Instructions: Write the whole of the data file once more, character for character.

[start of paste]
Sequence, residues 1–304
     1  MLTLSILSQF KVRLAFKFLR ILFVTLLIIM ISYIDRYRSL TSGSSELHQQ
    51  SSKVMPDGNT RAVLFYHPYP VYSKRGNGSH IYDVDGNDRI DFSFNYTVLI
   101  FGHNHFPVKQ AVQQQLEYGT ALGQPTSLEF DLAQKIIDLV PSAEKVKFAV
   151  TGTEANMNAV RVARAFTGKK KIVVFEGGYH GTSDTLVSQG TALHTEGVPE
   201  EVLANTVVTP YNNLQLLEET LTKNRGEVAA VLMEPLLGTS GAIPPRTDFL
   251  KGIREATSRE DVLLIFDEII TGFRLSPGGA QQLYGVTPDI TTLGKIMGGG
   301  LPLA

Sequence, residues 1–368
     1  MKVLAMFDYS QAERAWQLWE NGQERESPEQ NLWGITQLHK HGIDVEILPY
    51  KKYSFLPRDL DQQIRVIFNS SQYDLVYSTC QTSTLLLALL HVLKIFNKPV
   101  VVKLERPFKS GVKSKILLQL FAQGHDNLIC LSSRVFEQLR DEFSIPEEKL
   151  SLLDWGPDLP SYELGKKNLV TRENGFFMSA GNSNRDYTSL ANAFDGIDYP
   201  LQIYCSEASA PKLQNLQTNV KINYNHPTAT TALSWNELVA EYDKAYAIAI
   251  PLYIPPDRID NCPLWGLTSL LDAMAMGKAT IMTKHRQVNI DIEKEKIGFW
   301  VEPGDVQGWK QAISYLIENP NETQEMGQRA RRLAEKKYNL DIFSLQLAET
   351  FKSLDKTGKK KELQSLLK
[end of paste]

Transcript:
Sequence, residues 1–304
     1  MLTLSILSQF KVRLAFKFLR ILFVTLLIIM ISYIDRYRSL TSGSSELHQQ
    51  SSKVMPDGNT RAVLFYHPYP VYSKRGNGSH IYDVDGNDRI DFSFNYTVLI
   101  FGHNHFPVKQ AVQQQLEYGT ALGQPTSLEF DLAQKIIDLV PSAEKVKFAV
   151  TGTEANMNAV RVARAFTGKK KIVVFEGGYH GTSDTLVSQG TALHTEGVPE
   201  EVLANTVVTP YNNLQLLEET LTKNRGEVAA VLMEPLLGTS GAIPPRTDFL
   251  KGIREATSRE DVLLIFDEII TGFRLSPGGA QQLYGVTPDI TTLGKIMGGG
   301  LPLA

Sequence, residues 1–368
     1  MKVLAMFDYS QAERAWQLWE NGQERESPEQ NLWGITQLHK HGIDVEILPY
    51  KKYSFLPRDL DQQIRVIFNS SQYDLVYSTC QTSTLLLALL HVLKIFNKPV
   101  VVKLERPFKS GVKSKILLQL FAQGHDNLIC LSSRVFEQLR DEFSIPEEKL
   151  SLLDWGPDLP SYELGKKNLV TRENGFFMSA GNSNRDYTSL ANAFDGIDYP
   201  LQIYCSEASA PKLQNLQTNV KINYNHPTAT TALSWNELVA EYDKAYAIAI
   251  PLYIPPDRID NCPLWGLTSL LDAMAMGKAT IMTKHRQVNI DIEKEKIGFW
   301  VEPGDVQGWK QAISYLIENP NETQEMGQRA RRLAEKKYNL DIFSLQLAET
   351  FKSLDKTGKK KELQSLLK